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February 17, 2014IM -
Del McCoury of Local 257 (Nashville, TN) lives in Hendersonville, Tennessee, just north of Nashville. He answered the phone with a voice as sunny as the weather outside his southern home, and as soon as he could, the humble singer changed the subject from his 50-plus years in the music business to what was really on his mind, and has been stuck there ever since he was a 13-year-old farm boy in York County, Pennsylvania—his hero, Bill Monroe, the father of bluegrass.
The Del McCoury Band is a tight-knit family operation. Del’s two sons, Rob on banjo and Ronnie on mandolin, are joined by fiddler Jason Carter and bassist Alan Bartram, all members of Local 257 (Nashville, TN).
“We all called him Chief,” he says with a chuckle. In 1963, 23-year-old Del McCoury went to work for Monroe as his lead singer and rhythm guitar player. Originally a banjo player, McCoury’s new position in the band required some hard work to become comfortable. “Learning the material was the hardest part for me. I sang choruses because I was a tenor singer, but I hadn’t sung a lot of tunes all the way through,” says McCoury, who, like Monroe, has a formidable upper range. “When you’re young, you can do that. I’ve rewritten a few of his songs on stage because I can’t remember the words!”
Monroe also helped McCoury get into the union, which was required to play the Grand Ole Opry. McCoury has maintained his membership, and his band are all Local 257 members as well. “I believe in the union because they work for you,” he says. “It’s somebody on your side as a musician to help you if anything happens.”
McCoury’s tenure with Monroe only lasted a year. Monroe had a lot of difficulty keeping consistent personnel, but nonetheless, they remained great friends until Monroe’s death in 1996. “When he was getting pretty old, we would play the Station Inn, and he’d just walk right in, and I’d see that white hat,” says McCoury. “He’d come in the front door, and he would step right on stage between the microphones! He’d take over, you know! I knew he liked me, I got that feeling.”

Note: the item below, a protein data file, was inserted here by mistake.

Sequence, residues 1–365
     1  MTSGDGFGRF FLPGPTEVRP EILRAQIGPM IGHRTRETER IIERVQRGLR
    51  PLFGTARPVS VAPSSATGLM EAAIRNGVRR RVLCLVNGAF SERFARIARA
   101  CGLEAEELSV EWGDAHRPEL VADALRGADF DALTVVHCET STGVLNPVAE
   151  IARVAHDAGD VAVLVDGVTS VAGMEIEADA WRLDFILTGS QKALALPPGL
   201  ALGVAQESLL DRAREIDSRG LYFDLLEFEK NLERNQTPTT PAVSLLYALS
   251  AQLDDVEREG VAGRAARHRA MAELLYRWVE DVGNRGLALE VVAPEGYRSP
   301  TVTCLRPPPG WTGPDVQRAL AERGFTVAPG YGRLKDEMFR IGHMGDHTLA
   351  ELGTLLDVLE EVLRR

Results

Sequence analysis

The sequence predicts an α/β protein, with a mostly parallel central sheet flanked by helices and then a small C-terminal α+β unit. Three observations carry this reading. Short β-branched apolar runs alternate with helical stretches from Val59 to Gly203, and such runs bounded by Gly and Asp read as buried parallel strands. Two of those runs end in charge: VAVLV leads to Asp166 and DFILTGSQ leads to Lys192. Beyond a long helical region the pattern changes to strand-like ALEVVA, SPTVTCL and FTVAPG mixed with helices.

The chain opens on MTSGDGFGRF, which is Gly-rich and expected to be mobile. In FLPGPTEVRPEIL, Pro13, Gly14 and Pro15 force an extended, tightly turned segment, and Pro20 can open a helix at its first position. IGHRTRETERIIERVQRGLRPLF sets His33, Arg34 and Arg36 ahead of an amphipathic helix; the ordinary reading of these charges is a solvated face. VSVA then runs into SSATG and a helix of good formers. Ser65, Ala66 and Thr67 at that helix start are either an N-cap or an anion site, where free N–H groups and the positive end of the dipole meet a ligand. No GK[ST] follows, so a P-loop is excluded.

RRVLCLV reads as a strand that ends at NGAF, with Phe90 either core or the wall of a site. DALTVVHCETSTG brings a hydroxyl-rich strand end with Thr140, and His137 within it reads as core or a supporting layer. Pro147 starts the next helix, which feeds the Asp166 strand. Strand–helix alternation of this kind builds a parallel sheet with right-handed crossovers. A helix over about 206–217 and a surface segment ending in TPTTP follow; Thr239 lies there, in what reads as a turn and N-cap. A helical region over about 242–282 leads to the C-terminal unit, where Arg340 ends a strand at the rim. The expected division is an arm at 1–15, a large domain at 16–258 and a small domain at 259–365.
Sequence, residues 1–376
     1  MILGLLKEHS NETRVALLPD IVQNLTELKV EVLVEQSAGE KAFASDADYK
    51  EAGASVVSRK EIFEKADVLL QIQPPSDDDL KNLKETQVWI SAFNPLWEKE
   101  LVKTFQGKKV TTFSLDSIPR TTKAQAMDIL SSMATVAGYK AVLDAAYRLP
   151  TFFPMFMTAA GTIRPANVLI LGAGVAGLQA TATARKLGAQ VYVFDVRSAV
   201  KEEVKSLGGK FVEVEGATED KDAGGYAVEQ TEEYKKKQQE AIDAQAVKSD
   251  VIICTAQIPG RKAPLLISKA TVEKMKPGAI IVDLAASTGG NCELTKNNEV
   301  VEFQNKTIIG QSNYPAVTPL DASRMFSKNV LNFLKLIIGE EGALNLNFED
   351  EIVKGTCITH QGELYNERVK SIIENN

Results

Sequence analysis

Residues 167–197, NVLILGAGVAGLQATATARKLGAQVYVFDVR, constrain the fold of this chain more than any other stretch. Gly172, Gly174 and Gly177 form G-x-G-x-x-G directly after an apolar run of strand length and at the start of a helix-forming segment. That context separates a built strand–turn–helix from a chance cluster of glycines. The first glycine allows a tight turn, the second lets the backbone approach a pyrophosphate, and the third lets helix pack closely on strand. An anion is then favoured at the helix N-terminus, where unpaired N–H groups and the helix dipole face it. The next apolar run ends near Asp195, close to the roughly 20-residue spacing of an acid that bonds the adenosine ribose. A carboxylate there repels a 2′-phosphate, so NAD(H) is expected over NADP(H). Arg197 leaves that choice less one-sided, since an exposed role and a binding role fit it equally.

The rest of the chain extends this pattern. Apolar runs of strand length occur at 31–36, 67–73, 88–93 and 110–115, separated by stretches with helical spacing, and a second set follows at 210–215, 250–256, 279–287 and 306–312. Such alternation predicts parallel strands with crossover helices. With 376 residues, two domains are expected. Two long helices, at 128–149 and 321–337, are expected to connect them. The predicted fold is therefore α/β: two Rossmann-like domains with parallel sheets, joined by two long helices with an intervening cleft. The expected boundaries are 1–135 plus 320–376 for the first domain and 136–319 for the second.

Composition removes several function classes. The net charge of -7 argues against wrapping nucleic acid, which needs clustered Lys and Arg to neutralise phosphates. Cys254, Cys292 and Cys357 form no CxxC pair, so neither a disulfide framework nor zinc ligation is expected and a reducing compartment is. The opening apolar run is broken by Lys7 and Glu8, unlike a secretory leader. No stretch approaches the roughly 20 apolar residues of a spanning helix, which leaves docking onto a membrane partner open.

It was nearly 50 years ago that McCoury played in Monroe’s band, but the evidence of that experience is still obvious in his music today. After leaving the Bluegrass Boys, McCoury formed his own band at the same time that many of his peers, like Clarence White, Peter Rowan, and later Local 257 member Béla Fleck, were beginning to experiment and stretch the boundaries of bluegrass. McCoury stuck with the course charted by the early originators of the style.
“I always figured the core sound of a bluegrass band was what I heard with [Lester] Flatt and [Earl] Scruggs, Bill Monroe, and Chubby Wise,” he says. “That was a five-piece band, and that made a big impression on me. There were a lot of new grass bands coming out in the ’60s and early ’70s, and I loved to listen to them, but I couldn’t picture myself doing any of that.”
But make no mistake, The Del McCoury Band is by no means a country music museum piece. This crack team of Local 257 instrumentalists includes McCoury’s two sons, Ronnie and Rob on mandolin and banjo, respectively. Jason Carter, one of the best bluegrass fiddlers around, joined in 1992, and bassist Alan Bartram, the newest addition to the group, plays on the edge of the beat, just where Del and boys like it. The magic of this group lies in their ability to capture the adventurous bluegrass spirit by injecting new material into the traditional sound.